2. As a member of the, U.R.D.M.A.C (Unrepentant, Romanticly Drole Males of America Club sometimes refered to as You Are Da Mac Daddy! I plan on carrying my Uzi when I next go for a meander through the wild flowers with my heart’s desire. Any rabid rabbits or otherwise plan on stomping on my parade best think twice. Love will overcome! Sing with me brothers and sisters! Raise the Uzi on high against the blistering sun and sing- Love will overcome someday…

  3. Public Displays of Affection will always get you into trouble.

    That and trying to remove a planter’s wart with only a can of Lysol spray and Swiss Army Knife.

    I know crap like this.

    Good story though. A beginning, middle, end and moral to boot. I hope you’re telling this to the Problem Twins, for what it’s worth.


  4. Odd really, but seeing an old couple out walking, where one reaches to the other with a fleeting touch has more romance than a young pair attempting to wear the face off each other.

    And why do I think motorcar when I see the name Genevieve.
    And how the heck do I google it when it could be little more than a free synapse flapping about like a firehose.

  5. Genevieve was that film with Kenneth More about the London to Brighton race???

    I think George and Genevieve were the two rabbits I saw on the Stirling University campus on the day of the triathlon … they came out on to the path where I was walking, took one look and dived back into the hedge! Doesn’t sound funny as I write it now but their comic timing was perfect!

  6. I had to look arugula up.
    You see I think the owl was perfectly justified in mopping up offal JUST so long as he/ she/ you had nothing to do with stirring up the murderous rabbits.
    Could I just say that Genvieve- unlike the film, is pronounced JON VEE EV.

  7. Jer, uzis and love – it’s a brave new world you’re forging out there in Mass.

    Sugar Britches, I’ve always liked that bit in Alice In Wonderland when she’s enormous and cries so much her tears make a river she floats off down herself when she shrinks. I don’t know why but I’ve always thought that was pretty cool.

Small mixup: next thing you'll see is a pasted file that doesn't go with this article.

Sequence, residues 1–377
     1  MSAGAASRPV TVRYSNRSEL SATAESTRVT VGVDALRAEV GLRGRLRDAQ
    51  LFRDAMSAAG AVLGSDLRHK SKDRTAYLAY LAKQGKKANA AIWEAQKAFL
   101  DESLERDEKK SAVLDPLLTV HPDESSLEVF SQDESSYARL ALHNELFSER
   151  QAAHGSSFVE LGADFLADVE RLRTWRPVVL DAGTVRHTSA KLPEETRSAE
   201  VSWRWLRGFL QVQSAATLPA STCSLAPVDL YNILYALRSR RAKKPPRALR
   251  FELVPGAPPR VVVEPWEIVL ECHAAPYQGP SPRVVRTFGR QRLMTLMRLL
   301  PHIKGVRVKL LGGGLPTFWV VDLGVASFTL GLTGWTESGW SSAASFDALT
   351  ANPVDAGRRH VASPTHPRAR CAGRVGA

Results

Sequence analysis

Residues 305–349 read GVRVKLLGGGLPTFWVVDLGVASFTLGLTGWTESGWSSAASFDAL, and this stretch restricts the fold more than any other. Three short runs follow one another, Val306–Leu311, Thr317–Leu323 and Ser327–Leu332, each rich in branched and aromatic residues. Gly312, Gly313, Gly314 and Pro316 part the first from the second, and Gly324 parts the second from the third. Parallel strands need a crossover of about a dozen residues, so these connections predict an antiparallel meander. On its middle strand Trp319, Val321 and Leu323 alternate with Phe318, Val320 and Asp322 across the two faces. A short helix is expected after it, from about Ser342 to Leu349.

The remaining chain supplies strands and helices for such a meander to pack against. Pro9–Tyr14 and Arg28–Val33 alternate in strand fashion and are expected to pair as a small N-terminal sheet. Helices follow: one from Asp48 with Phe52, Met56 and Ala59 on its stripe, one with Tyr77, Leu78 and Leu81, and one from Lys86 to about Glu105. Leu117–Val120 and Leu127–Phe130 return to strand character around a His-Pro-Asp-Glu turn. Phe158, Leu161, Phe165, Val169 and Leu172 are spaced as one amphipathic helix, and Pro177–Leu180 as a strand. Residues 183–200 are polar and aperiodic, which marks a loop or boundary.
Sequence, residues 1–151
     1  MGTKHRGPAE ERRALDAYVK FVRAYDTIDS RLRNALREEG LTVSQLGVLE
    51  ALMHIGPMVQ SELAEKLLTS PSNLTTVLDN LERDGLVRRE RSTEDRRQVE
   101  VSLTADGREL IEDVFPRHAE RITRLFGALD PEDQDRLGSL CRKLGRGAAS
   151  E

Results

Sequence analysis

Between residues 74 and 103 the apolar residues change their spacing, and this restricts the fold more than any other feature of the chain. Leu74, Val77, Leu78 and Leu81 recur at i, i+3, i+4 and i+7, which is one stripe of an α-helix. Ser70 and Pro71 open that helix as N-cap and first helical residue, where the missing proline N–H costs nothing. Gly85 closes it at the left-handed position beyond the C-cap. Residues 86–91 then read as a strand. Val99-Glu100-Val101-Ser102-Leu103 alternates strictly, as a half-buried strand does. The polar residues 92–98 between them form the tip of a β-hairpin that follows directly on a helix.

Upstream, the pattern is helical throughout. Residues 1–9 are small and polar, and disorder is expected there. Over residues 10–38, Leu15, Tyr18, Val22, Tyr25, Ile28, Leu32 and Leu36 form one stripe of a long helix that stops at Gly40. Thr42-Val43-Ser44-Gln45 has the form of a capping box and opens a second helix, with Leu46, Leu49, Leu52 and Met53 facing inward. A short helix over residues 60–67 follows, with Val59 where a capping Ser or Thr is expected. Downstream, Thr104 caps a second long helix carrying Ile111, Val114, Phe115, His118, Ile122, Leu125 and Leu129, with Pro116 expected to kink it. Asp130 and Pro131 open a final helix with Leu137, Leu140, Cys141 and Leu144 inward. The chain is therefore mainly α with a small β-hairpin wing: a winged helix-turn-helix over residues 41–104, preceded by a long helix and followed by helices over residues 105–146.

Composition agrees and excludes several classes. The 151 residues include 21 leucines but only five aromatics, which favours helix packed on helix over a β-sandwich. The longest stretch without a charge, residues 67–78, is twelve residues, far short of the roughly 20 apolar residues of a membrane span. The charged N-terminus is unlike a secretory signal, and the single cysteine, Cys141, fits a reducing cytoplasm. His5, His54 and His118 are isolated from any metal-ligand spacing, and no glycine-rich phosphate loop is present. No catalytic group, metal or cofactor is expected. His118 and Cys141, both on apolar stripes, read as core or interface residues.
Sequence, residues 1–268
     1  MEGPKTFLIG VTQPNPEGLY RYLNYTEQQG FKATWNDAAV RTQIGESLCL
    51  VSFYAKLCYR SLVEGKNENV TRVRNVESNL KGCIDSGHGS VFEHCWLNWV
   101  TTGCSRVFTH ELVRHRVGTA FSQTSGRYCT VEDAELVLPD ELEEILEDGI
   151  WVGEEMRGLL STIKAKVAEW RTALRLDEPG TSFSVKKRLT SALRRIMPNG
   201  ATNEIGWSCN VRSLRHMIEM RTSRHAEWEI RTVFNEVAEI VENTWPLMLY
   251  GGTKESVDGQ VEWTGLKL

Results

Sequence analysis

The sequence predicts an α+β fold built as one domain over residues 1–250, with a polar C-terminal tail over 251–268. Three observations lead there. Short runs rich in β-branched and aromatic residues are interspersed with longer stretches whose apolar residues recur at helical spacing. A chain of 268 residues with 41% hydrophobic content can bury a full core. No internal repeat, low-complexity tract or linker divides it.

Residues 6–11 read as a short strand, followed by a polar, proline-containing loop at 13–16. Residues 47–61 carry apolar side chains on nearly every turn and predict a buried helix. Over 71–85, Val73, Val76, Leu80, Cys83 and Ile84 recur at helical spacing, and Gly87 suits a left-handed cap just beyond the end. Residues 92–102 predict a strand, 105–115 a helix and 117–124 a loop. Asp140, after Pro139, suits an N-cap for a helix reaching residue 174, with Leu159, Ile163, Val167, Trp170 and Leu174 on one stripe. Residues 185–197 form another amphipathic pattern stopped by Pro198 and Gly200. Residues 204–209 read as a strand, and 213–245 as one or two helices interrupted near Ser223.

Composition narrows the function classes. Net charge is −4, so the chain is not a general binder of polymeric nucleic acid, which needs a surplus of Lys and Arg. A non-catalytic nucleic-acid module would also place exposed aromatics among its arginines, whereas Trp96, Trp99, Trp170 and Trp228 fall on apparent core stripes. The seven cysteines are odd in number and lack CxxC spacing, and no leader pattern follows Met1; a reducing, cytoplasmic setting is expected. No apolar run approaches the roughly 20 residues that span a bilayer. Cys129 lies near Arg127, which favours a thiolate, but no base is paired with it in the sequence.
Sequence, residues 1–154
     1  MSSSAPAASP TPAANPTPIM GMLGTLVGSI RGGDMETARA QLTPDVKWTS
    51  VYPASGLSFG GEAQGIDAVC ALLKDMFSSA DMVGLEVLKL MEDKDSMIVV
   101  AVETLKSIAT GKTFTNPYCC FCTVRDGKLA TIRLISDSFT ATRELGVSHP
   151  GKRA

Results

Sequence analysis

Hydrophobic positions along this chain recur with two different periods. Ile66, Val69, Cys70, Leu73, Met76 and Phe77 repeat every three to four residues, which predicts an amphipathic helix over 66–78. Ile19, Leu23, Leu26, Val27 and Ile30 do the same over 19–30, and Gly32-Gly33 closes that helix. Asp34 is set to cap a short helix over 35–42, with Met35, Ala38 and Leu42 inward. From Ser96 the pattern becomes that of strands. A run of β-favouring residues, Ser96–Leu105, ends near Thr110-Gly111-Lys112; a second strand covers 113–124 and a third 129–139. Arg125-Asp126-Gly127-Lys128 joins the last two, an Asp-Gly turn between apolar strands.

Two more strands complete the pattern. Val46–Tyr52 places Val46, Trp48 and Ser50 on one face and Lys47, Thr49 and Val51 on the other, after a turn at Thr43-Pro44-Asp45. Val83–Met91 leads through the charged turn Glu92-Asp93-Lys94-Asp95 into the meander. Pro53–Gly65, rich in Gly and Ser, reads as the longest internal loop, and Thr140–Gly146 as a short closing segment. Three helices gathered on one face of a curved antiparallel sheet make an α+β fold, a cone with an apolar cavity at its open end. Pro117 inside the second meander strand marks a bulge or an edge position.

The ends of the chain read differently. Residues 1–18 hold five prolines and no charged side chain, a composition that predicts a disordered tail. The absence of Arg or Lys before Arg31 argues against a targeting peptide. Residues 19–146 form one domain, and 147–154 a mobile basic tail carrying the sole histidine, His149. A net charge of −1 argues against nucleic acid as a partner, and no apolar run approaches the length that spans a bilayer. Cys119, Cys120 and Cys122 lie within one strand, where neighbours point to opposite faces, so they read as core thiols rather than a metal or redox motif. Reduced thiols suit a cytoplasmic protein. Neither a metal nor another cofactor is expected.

Medbh, and once they get a taste for blood…

    Nanas, or Murkin!

    Jo, Toto doesn’t live there anymore…

    Rand, you will never be banned, hun. Did you really do that to your wart? I certainly hope you didn’t do it to someone else’s wart!

    Vince, Belleek has your answer. And you’re right. An old couple walking along holding hands is beautiful. ‘Course, you know she’s probably his secretary, right? And his real wife is home worrying about his heart medication or something.

    Belleek, bunnies are comic geniuses. I watch them eating our lawn every morning and evening – funniest is when they nibbled a flower shorter and shorter up the stalk ’til they look like they’ve got a flower on their nose, just for an instant before it falls to the ground. I feel I ought to be paying them money for the entertainment.

    Maroon, I think of all the people who’ve said i’m awful, I like it when you say it the most. Only I’m not awful. I’m heinous.

  8. Eryl, I wish you could get sinister twists with drinks. The cocktail hour could be so much more interesting.

    Daffers darling, the buck bunnies in Iran would be so inflamed by the mere suggestion of a doe’s naked whisker that they couldn’t be held responsible for their actions. Square-Jawed George would be saved, but poor, wicked and lustful Genevieve would probably be stoned to death within an hour of shedding her hijab.

    fmc, if it helps, it wasn’t very good poetry.

    Caro, that’s one of the 843 ways the owl tried to justify it to himself.

    Lucy, in the posh old days the Brits used to eat devilled kidneys at breakfast sometimes. I always thought there was something terribly wrong with that. I guess it was an Empire thing. You never hear of it nowadays.

    Conan, ha! They accounted for the deaths by saying it was a hop-and-run. Nobody saw nuffink. But life was never the same for those who were there that day. It changed them.

    English Mum, ta! It’s not as good as a Jaffa Cake with a cup of tea – doesn’t have the smashing orangey bit. I suspect if you’d had Jaffa Cakes in you’d never have settled for this bilge.

    Pat, they call rocket arugula here. And they call tomatoes tomaytoes, the great sillies. Owl’s shame though was for how delicious he found the hearts – and how he can’t help craving more…

  9. You are just marvelous, honestly. This cracked me up from start to finish. I’m pretty mild-tempered, but I wanted to stomp on those bunnies myself.

    And I never knew that arugula and rocket were the same thing! Personally, I think Americans have got the cooler term here — ‘arugula’ sounds more foreign than ‘rocket’ — like zucchini. ‘Aubergine’ beats ‘eggplant’ hand over fist, though, so you’re okay there.

    And no thanks to Mr Bananas for putting the Dukes of Hazard in my head. I’d managed to forget that one until a few minutes ago…